Many Nevada residents are likely aware that people who run businesses are often encouraged to “incorporate.” There are different ways to run businesses, and creating a corporate entity is one way to take advantage of certain business structures. Most people probably link this activity to businesses that have the abbreviation “inc.” after their names, standing for “incorporated.” However, there are other types of business structures, including one that has become widely used over the past several decades in Nevada and around the country: a “Limited Liability Company‘” or “LLC.”
LLCs have seen rising popularity for several reasons. First, just like other forms of corporate structures, these companies provide asset protection for the personal property of their owners. That is, if a creditor goes after the LLC for an unpaid debt or other liability, that creditor can normally only reach those assets controlled by the company, rather than those owned personally by the officers of the corporation. Contrast this with a sole proprietorship, where if the business owes a debt the owner’s house, car and other assets could be in jeopardy.
But, asset protection is a characteristic of basically all corporate structures. So, why would a Nevada business owner choose an LLC over, say, a “C-Corporation”? One major reason is that LLCs allow for what is called “pass-through, or flow through, taxation.” This means that the ownership may only pay taxes on his or her personal return, if so desired, rather than paying both business and personal taxes. Another potential advantage in Nevada is that LLCs allow for privacy in ownership and asset identity. Because one can set up an LLC in the state without disclosing the officers or assets owned by the company, except for a designated representative to accept service of process, which is often the company’s lawyer, people can invest in the business more or less anonymously.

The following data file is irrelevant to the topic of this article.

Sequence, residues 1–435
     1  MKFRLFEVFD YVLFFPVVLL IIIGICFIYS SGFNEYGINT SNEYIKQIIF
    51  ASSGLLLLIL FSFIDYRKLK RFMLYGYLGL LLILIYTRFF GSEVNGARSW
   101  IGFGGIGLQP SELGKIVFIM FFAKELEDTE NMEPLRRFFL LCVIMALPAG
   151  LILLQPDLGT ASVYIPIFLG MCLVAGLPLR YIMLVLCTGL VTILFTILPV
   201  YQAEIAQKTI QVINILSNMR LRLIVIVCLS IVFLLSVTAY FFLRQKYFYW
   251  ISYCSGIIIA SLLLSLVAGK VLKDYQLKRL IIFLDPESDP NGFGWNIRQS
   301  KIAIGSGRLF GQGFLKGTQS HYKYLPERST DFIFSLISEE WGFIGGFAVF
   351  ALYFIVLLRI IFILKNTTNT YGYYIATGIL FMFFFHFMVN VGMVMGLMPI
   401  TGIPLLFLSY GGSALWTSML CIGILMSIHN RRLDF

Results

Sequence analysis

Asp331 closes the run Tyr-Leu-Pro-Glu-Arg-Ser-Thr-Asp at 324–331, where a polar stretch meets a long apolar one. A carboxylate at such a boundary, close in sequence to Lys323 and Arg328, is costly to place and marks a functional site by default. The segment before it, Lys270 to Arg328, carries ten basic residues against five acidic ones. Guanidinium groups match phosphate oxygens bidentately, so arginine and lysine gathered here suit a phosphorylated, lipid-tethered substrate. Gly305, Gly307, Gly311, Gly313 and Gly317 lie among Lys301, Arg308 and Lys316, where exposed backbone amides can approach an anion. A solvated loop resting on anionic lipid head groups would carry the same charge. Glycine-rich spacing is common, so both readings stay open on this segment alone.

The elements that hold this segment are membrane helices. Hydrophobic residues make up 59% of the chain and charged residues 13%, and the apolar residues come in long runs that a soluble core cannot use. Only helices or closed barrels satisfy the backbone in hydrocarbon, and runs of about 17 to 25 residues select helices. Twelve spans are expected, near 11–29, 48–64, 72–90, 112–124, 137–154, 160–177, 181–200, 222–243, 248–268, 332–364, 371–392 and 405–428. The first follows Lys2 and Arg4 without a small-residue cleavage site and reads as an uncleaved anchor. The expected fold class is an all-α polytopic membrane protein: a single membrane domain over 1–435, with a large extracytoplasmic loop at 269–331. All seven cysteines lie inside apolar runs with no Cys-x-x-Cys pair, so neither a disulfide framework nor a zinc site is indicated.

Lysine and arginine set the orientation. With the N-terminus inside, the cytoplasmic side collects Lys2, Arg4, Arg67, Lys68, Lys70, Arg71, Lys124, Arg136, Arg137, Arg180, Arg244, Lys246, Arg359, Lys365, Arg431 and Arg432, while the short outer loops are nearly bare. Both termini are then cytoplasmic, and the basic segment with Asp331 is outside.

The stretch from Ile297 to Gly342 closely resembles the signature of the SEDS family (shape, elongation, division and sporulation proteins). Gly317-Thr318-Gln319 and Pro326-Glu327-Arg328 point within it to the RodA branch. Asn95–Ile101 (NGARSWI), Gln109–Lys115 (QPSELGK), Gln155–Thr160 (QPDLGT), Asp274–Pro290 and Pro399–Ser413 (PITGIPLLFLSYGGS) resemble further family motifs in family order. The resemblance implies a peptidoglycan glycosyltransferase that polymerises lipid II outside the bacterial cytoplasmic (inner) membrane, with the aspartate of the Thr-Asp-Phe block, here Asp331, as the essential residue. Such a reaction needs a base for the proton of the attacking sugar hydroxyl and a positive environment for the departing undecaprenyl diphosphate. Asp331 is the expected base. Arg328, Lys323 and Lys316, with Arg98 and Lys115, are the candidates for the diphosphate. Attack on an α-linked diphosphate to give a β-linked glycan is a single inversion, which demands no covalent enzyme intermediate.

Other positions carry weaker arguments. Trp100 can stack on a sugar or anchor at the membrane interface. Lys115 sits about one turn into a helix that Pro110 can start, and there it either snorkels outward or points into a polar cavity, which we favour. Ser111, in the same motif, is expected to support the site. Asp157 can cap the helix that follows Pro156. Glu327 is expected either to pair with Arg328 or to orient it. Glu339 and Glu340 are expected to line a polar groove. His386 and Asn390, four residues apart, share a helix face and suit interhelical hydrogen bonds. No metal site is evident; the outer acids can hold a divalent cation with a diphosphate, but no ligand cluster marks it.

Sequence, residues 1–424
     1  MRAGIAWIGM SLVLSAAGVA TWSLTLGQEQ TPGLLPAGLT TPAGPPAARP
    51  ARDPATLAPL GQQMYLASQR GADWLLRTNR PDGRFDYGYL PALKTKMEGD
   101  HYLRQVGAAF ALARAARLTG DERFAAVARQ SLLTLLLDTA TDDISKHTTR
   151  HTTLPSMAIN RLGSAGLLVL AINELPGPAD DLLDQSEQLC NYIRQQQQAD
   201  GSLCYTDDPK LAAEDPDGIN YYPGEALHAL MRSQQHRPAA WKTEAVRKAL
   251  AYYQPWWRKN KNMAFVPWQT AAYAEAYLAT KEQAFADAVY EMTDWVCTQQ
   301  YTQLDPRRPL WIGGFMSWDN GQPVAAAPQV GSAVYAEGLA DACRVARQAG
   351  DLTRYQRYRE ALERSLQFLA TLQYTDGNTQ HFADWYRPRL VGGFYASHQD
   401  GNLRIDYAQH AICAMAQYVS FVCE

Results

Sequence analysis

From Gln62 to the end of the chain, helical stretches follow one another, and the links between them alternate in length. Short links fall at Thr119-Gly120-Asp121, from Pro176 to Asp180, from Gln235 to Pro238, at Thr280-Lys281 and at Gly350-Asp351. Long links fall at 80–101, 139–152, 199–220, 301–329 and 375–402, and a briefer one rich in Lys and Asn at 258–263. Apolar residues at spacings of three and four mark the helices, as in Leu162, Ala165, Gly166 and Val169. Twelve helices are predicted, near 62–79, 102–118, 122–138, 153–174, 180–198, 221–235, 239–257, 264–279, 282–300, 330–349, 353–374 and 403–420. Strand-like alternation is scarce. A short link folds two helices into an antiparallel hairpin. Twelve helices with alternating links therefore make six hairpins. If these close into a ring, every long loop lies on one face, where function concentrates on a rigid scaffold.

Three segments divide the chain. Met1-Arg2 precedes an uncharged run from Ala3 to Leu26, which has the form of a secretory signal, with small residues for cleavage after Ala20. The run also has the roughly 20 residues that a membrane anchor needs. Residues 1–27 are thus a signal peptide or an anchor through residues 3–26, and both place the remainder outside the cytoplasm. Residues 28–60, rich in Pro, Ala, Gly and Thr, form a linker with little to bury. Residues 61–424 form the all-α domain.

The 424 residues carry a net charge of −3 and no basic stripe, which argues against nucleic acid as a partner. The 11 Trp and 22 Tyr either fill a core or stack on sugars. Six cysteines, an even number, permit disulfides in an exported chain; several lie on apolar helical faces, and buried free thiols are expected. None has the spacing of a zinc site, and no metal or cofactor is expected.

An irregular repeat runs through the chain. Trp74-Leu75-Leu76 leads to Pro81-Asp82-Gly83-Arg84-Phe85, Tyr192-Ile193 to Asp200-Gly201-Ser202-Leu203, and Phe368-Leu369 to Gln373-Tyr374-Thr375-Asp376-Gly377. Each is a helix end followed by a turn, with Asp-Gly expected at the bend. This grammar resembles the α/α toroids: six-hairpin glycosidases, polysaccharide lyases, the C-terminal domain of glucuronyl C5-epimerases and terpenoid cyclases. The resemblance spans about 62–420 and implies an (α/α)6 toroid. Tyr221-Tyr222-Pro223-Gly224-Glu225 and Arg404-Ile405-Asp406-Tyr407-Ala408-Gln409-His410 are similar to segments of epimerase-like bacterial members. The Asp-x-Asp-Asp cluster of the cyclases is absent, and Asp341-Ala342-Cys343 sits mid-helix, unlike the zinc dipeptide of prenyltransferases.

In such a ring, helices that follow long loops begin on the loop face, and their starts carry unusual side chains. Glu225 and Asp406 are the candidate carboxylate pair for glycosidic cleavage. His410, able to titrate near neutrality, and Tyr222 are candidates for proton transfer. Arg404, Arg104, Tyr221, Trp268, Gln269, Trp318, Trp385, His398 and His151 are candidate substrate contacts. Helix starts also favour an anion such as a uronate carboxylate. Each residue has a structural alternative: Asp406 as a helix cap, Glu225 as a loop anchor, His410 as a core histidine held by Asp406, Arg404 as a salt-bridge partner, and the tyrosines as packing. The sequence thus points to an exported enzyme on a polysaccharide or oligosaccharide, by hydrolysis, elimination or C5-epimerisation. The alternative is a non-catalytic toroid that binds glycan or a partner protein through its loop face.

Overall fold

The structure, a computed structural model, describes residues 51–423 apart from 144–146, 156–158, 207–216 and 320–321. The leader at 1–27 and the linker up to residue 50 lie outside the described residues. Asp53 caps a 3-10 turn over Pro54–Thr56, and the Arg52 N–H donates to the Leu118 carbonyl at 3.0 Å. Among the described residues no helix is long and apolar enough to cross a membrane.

So, creating an LLC in Nevada can give a company the advantages of being a corporation, while still avoiding the “double taxation” that many corporations experience. Of course, there may be reasons not to use an LLC and choose a different business structure instead, and every situation will depend on its specific circumstances. Those with questions about setting up a corporate structure may wish to consider contacting an experienced business law attorney.